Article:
AMPs are changing the mobile game as we know it.

As ecommerce continues to take up a larger share of the market, it’s up to you to ensure that your content marketing strategy is keeping up with the times. And if you’re not optimizing for mobile, you risk falling behind your competitors.

According to a survey conducted by HubSpot Research, 33% of respondents said that their phone was the primary device they used to access the internet. That’s why tech giants like Google are rolling out new ways to build pages that load faster on mobile, in the hopes that a poor connection won’t prevent mobile users from getting the information they need.

AMP 101: What Are They, And Why Are They Important?

AMPs, or Accelerated Mobile Pages, are part of an ongoing project launched by Google in October 2015 to maximize a user’s mobile surfing experience. As of this May, Google announced that there are now more than 2 billion AMP pages covering approximately 900,000 domains — not bad for an initiative that hasn’t even reached its second anniversary. Following its early success, the AMP network is looking to expand to even more ecommerce sites, and may even attempt to tackle the online ad experience.

What makes these AMPs so special? In short, they make browsing on your phone faster…much faster. By removing JavaScript from mobile pages and prioritizing text-based content, AMP are able to load information almost instantaneously. To put things in perspective, according to Google research, about 70% of conventional mobile pages require between 7-10 seconds for the visual page content to load. By comparison, the average AMP page takes less than a second to load — and that load time is getting shorter by the day. At those speeds, it’s no wonder more and more major tech companies (Tumblr, LinkedIn, Pinterest, and TripAdvisor, to name a few) are publishing using the AMP network.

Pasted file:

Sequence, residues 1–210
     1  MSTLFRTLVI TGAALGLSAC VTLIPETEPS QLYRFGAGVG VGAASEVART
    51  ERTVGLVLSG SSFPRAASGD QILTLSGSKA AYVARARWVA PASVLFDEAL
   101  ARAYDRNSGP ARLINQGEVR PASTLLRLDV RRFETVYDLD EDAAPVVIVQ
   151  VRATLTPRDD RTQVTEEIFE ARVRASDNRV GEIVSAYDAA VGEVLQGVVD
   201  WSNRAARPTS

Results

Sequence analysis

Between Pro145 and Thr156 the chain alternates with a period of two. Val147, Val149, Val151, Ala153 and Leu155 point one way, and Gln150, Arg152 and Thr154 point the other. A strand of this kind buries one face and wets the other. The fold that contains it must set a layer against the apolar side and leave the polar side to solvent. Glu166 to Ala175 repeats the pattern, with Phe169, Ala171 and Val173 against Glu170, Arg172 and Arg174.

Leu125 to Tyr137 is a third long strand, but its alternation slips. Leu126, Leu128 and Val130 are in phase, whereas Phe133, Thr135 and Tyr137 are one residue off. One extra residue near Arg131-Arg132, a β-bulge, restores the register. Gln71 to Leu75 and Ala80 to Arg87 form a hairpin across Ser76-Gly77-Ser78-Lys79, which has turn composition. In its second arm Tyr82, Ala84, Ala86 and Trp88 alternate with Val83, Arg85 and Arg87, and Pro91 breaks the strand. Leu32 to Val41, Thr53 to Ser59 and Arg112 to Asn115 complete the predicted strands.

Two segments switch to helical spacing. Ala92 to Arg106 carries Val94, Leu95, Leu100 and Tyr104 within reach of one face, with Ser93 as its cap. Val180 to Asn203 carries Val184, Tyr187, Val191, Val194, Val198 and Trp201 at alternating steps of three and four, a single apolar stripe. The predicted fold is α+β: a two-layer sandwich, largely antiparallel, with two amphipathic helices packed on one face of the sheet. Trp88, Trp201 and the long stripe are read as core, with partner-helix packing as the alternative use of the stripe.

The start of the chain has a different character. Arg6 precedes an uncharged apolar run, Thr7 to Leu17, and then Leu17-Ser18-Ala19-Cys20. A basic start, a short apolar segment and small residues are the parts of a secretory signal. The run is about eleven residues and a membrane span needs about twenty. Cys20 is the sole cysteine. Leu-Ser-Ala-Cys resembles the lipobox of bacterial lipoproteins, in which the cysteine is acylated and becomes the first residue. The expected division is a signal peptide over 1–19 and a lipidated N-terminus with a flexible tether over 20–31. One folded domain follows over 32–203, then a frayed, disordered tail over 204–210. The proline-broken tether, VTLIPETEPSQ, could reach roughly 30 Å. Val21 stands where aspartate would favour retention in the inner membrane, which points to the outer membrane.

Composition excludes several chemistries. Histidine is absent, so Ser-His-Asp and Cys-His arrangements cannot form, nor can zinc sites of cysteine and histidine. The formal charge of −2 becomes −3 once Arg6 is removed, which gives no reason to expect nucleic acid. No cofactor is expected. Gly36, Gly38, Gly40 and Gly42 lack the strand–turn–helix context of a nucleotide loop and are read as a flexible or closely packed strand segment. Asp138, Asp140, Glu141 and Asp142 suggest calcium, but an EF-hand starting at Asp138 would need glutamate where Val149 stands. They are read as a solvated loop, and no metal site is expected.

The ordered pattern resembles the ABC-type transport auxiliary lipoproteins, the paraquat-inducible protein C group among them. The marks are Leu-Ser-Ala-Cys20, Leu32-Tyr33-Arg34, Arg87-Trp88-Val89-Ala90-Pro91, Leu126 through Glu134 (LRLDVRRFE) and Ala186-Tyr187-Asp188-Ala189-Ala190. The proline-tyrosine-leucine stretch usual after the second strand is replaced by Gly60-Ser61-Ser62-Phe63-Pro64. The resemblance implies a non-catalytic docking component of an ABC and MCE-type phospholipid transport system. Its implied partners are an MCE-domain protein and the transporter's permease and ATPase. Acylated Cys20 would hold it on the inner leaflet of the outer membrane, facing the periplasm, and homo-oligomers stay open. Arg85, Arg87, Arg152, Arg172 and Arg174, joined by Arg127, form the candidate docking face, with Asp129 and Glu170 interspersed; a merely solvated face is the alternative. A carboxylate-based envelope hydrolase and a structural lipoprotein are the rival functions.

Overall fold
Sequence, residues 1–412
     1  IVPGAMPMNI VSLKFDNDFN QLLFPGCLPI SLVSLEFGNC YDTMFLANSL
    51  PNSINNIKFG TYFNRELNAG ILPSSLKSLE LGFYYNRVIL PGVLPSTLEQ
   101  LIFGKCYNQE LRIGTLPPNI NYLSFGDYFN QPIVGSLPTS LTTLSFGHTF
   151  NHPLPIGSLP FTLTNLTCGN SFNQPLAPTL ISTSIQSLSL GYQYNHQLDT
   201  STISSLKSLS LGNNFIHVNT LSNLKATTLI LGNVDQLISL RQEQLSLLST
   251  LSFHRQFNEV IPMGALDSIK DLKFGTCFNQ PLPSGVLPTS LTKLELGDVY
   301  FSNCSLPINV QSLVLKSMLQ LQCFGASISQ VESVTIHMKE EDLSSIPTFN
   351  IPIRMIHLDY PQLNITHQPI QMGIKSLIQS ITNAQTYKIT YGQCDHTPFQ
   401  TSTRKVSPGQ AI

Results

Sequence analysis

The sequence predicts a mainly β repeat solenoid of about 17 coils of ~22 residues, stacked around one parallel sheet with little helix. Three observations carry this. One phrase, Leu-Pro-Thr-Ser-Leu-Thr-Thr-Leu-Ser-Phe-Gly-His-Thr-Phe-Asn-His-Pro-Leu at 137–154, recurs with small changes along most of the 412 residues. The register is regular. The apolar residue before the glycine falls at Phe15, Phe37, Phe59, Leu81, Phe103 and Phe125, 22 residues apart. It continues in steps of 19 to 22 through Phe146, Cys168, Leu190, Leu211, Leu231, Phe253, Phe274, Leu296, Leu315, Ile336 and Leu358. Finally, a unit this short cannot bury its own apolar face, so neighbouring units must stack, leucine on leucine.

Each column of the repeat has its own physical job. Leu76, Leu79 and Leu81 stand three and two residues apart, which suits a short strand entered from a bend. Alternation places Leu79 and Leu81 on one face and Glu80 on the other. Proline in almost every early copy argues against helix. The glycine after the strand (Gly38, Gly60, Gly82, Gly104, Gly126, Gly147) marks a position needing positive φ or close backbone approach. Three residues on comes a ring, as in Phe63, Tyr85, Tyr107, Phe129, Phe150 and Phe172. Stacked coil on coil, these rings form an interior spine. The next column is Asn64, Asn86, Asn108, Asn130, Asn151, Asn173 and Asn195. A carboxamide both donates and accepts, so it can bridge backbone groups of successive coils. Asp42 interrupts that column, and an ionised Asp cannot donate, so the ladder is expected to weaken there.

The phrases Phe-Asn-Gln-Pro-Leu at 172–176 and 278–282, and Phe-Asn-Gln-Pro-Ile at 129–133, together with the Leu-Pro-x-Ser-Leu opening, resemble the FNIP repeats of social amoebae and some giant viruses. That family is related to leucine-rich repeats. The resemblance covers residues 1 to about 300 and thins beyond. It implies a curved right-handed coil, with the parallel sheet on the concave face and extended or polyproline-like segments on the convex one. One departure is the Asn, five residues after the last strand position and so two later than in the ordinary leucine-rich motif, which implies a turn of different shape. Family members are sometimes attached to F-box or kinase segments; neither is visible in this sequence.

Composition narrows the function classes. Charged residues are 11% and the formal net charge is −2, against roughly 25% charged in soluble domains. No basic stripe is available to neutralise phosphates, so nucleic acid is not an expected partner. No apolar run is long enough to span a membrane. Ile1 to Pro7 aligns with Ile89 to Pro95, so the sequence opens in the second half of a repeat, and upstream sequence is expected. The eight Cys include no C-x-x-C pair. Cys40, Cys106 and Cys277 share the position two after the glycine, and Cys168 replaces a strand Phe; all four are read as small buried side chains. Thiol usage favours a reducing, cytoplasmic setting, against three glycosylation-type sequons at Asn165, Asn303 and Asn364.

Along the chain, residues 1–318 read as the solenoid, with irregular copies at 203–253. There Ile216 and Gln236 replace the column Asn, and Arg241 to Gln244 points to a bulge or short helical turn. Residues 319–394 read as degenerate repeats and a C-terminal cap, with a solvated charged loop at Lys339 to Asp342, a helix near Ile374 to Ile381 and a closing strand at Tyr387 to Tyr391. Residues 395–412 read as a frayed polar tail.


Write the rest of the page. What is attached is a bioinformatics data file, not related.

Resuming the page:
How AMPs Can Skyrocket Your SERP Ranking

Although Google insists that AMP is not a ranking factor, there’s no denying that page speed is. Even if AMP pages don’t receive a boost in rankings purely based on their affiliation with the project, they’ll still rank higher than conventional mobile pages simply because they load faster. Of course, SERP ranking isn’t the only metric an AMP can improve. With faster loading pages, you should also see a significant dip in your bounce rate — especially since (according to a study conducted by Google) more than half of all mobile pages will be abandoned by potential visitors if the page takes more than three seconds to load.

Here’s the bottom line: AMPs are going to be the future of mobile. Check out the project to keep up with the times!

Longneck and Thunderfoot offer search engine optimization and analytics services to help businesses transform their websites into visible sources of knowledge online and answer the questions that matter most to your prospects. Learn more about SEO and analytics here.